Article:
Chinese group in talks to aid Bombardier
China’s Comac and Bombardier have held talks about a deal that could inject new life into the debt-laden Canadian company’s passenger jet business.
Comac is working with at least one bank on a tie-up that could involve China’s state-owned aircraft manufacturer making an investment in Bombardier’s commercial aerospace arm or taking a stake in the CSeries 100-150 seater passenger jet programme. The companies are understood to have been in discussions about a deal for some time, although no decision is imminent.
Bombardier, which has received nearly $3bn in publicly funded cash injections over the past two years, is exploring a similar industrial tie-up with Siemens for its rail business. An attempt in 2015 to rescue the costly CSeries programme by injecting it into a joint venture with Airbus collapsed in acrimony. The Chinese approach to one of Canada’s most-prized industrial assets comes after at least one other government-controlled Chinese company launched talks with the group, which have since ended.
Bombardier has sought partners in its aerospace and transport divisions to mitigate the unexpectedly high costs of bringing its CSeries passenger jet into service, with the programme running billions over budget. The jet is widely acknowledged to be highly efficient but it has struggled in recent months to win big new orders with both Boeing and Airbus cutting prices on their smallest aircraft. The US Commerce Department on Thursday gave its go-ahead to an anti-dumping investigation against Bombardier requested by Boeing over the pricing of the Canadian company’s small single-aisle jet. The investigation could result in hefty tariffs and damage its appeal to the US market.
In recent weeks Comac has launched a test flight of its first short-haul commercial passenger aircraft aimed at competing with Airbus and Boeing. But the C919 is still mainly an assembly of parts from other foreign manufacturers. Based on older-generation technology, and not yet certified by western aviation safety authorities, it is not expected to win many orders with airlines outside China in the near term. Access to the CSeries programme and its new-generation aircraft technology would boost the development of Comac’s decades-long haul toward becoming an aviation giant. Comac and Bombardier have been close for years. In 2012, the companies signed an agreement to find commonalities between the C919 and Bombardier’s CSeries to reduce training and maintenance costs. The companies have floated the idea of co-operating to compete against Boeing and Airbus. Bombardier has also advised Comac on its smaller regional jet, the ARJ-21, which went into commercial operation last year following years of delay.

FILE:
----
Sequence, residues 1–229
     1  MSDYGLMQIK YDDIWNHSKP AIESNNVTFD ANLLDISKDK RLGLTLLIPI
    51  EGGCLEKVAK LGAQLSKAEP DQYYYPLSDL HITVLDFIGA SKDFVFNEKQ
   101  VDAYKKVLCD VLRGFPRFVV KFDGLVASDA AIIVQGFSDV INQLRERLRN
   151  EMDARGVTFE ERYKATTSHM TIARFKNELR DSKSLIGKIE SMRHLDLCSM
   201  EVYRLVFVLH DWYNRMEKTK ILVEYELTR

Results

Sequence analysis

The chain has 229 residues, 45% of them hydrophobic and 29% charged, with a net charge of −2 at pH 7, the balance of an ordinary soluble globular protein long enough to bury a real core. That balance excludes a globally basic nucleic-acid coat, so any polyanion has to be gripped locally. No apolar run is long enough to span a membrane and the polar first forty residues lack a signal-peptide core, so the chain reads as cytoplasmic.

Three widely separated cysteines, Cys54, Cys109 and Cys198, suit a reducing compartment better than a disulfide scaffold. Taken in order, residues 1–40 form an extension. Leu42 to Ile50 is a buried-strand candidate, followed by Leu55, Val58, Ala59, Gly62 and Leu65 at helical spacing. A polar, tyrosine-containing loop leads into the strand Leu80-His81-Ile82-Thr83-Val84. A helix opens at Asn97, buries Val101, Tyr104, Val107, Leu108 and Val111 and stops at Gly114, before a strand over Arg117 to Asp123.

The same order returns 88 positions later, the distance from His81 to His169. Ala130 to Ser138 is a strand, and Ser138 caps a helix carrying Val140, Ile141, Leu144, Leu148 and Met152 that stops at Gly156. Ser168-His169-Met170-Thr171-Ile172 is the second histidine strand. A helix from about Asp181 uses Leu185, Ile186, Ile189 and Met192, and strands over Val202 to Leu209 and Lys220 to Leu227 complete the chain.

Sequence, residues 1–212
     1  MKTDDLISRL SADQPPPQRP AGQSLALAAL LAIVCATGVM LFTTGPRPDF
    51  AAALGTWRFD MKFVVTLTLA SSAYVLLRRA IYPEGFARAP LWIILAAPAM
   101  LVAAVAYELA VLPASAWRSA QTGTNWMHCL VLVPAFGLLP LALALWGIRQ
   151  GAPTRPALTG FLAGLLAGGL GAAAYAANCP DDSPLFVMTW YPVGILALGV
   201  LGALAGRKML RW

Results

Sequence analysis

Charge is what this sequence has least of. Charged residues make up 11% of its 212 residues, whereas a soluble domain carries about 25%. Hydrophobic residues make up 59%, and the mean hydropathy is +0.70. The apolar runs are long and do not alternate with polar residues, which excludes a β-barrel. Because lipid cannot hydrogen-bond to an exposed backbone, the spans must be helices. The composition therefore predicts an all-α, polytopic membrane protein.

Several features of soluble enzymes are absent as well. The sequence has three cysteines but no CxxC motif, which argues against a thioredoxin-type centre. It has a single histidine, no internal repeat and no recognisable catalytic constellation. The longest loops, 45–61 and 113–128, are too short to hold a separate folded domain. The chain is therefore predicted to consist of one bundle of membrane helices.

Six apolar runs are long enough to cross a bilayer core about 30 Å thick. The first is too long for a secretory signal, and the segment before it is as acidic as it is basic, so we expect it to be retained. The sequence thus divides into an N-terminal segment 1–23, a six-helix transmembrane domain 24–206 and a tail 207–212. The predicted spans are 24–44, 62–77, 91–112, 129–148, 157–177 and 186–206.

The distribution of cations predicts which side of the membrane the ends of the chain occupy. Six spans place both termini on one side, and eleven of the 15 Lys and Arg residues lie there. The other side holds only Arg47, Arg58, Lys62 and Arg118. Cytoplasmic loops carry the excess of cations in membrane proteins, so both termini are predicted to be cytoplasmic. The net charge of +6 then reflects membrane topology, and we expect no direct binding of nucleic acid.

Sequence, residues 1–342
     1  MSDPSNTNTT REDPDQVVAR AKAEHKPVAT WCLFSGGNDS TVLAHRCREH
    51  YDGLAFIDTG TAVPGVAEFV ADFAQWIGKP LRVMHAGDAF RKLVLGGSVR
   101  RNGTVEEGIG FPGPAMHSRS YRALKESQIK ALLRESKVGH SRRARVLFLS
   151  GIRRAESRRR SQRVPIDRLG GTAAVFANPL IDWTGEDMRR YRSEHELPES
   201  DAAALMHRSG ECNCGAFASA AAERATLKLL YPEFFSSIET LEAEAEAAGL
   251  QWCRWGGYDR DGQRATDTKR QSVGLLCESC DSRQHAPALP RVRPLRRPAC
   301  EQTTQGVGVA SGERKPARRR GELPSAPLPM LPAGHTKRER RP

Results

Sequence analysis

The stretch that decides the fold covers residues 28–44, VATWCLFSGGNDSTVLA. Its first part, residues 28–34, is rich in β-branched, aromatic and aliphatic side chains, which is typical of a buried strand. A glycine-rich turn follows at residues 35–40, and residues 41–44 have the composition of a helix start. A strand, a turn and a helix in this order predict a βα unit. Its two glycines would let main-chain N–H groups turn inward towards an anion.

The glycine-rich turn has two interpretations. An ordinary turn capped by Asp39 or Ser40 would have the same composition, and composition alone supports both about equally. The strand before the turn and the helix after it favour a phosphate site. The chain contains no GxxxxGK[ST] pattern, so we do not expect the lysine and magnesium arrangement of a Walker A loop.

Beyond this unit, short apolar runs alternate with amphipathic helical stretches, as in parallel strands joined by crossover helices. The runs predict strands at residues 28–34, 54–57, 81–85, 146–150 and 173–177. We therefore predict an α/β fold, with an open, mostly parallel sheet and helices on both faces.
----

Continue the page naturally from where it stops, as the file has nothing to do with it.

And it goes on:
Comac is not the first Chinese group to pursue Bombardier. Avic, the state aerospace and defence group from which Comac was formed a decade ago, has held direct discussions with Bombardier in recent years. Avic explored taking a stake in and a deal for control of the Canadian group but the discussions did not reach an advanced stage, partially due to leadership changes at Avic. The apprehension probably stemmed from Avic’s deep ties to the Chinese military. Comac was spun out of Avic in 2008 and Avic remains a significant shareholder in the company. Comac’s operations focus on civil aviation and it was unclear whether a potential deal between the two companies would be beset with similar problems. Comac’s trajectory to the global market has been turbulent. The C919, the test flight of which came years behind schedule, is also 10-15 years behind the rest of the industry. Despite those problems, China is expected to become the world’s biggest aviation market by 2024. C919 already has 500 orders from Chinese airlines.